My husband came home and told me that he heard on the radio that scientists have successfully created lab-grown beef, using a sample from a cow. If the world's cattle population was stricken with plague and this test tube beef was the only option, would you eat it?
What if all of the animals we eat became endangered? Would you eat test tube versions, or become vegetarian?
What do vegans think of test-tube beef? Would they probably not eat it, as it originally came from an animal?
Would you die than eat lab-beef?
Have any of you read Oryx and Crake?
"Soylent beef" does nothing to help nurture the ecosystems we depend on for life on this planet. Traditionally-raised livestock do. If if all of the animals we eat became endangered, then we would, too, in very short order. Teetering on the brink of extinction, I don't think this issue would be relevant for long.
I am all for this. If we can find a (relatively) cheap way to grow healthy meat in a lab, I think it could be a breakthrough in providing good quality protein to the world. It could also replace conventional beef production methods and their massive environmental costs. I wish that truly sustainable farming methods were available to feed on a large scale, but I just can't see it happening. While no doubt distasteful, I view this as a positive for both global nutrition and environmental health.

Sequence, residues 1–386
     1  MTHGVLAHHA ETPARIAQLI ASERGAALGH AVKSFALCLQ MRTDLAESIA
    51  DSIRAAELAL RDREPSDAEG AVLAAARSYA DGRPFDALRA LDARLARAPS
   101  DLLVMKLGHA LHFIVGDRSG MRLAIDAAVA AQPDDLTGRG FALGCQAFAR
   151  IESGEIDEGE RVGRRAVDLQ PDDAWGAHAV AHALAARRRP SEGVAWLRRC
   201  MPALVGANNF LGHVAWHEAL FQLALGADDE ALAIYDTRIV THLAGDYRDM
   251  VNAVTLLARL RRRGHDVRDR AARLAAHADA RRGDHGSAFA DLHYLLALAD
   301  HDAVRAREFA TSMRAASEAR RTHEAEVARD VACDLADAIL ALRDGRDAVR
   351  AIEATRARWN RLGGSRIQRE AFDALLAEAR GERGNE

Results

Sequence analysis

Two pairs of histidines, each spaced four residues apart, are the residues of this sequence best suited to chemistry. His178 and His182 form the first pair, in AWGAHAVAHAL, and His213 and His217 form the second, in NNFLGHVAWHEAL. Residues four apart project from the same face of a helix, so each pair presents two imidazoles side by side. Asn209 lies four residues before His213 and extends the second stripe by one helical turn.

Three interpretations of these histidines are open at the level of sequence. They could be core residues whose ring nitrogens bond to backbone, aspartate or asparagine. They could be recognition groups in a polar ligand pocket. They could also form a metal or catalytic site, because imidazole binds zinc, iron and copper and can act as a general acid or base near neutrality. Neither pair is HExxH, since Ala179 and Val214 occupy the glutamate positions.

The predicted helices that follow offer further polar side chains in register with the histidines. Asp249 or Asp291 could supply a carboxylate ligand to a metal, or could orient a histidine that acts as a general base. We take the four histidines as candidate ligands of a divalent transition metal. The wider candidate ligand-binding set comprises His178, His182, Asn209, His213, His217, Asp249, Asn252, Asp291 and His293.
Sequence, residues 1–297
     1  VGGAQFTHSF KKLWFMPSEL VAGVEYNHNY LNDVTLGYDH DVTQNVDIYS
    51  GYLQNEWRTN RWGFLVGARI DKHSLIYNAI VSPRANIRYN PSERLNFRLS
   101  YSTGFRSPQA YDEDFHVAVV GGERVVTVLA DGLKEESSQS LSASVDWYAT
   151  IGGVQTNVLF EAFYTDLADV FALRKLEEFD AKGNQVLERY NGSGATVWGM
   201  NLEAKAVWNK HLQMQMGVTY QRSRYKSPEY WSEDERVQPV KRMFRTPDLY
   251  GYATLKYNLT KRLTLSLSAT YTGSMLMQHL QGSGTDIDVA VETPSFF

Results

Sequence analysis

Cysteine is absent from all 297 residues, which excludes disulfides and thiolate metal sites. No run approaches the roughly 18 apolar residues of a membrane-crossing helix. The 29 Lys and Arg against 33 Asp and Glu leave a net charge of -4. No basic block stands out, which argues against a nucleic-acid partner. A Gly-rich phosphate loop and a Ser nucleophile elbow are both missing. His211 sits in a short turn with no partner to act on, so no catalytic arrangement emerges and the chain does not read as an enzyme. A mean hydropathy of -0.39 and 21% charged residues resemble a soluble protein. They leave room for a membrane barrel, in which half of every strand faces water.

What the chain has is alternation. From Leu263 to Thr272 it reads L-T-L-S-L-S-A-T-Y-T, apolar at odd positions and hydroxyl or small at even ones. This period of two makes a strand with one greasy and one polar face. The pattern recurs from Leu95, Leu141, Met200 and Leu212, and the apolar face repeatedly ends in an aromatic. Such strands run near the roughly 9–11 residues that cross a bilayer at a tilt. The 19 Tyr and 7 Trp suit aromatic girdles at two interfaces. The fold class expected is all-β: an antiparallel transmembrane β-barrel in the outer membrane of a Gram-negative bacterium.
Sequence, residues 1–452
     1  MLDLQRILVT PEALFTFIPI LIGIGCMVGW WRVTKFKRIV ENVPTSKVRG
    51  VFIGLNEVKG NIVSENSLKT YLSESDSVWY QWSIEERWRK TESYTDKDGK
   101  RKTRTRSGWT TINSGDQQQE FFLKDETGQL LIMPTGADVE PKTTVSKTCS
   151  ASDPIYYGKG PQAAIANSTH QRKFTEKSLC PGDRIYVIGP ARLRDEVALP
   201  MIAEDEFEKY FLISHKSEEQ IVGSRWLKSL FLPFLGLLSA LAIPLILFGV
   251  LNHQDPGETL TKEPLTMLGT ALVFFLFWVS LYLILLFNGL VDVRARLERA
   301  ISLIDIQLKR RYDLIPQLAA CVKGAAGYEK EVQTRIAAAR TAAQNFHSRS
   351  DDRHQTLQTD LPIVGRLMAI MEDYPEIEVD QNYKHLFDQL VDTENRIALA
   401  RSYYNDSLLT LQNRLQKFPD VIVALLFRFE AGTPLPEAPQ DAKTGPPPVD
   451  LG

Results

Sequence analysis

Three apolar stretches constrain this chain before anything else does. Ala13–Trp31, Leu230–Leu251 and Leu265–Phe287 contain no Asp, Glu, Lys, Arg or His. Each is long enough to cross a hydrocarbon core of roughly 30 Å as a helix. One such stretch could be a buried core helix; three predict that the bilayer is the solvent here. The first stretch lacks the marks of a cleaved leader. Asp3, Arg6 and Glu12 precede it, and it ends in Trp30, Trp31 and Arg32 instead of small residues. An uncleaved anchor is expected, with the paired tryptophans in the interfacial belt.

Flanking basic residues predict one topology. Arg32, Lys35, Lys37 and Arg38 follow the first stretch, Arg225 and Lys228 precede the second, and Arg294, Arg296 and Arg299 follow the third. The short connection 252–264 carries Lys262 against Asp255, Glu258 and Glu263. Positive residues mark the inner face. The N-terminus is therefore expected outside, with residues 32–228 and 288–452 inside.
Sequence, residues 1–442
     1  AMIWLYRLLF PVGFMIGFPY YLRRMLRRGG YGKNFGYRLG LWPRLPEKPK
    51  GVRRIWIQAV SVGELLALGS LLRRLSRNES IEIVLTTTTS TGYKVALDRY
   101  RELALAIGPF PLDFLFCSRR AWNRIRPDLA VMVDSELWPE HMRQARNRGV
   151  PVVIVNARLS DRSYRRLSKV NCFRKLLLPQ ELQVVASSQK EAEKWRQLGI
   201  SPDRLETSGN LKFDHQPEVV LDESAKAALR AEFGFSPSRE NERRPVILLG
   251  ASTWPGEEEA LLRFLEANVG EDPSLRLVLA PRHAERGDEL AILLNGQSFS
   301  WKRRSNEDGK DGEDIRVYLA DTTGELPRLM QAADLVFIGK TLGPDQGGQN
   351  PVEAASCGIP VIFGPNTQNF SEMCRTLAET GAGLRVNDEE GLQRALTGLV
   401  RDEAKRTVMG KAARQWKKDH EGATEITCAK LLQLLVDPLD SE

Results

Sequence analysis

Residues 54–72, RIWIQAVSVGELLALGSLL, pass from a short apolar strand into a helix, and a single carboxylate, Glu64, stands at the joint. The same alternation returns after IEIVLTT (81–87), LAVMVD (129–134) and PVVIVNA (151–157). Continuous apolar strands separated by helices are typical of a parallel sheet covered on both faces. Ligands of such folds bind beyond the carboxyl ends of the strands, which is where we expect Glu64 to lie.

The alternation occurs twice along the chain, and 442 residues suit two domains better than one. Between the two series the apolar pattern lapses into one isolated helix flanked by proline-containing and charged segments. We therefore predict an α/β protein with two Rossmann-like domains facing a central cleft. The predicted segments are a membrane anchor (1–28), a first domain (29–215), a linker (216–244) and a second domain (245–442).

It currently costs over a qtr. million $ to produce a small hamburger patty's worth of stem-cell cultured cow muscle that grows without fat. Too much strange frankenfood tech for me.
If they can make this affordable, they could make cows affordable. (But you can't copyright cows.)
In theory, I think this is a great idea -- it has the potential to produce nutritious food with much less environmental and resource usage overhead. It's expensive now, but I'm sure that once the technology is established it will become widely available and achieve economies of scale.
However, I'm concerned that we'll end up with a "simplified" version of meat. It will have the right macronutrients and the right proteins, but it won't come from an animal with a circulatory system, a set of organs, a bacterial microbiome, etc., and I suspect that all of those things contribute trace substances that influence the overall nutritional value and the health effects of natural meat.
Analogy: We have the ability to create "lab-grown" vitamin E rather than extracting it from food. What we get is dl-alpha tocopherol. Half of it is one out of eight vitamin E analogs that are produced in nature, each of which might have important health benefits. The other half an enantiomer that doesn't occur in nature at all, and the best we can hope for is that it's biologically inactive. And meat is orders of magnitude more complicated than vitamin E.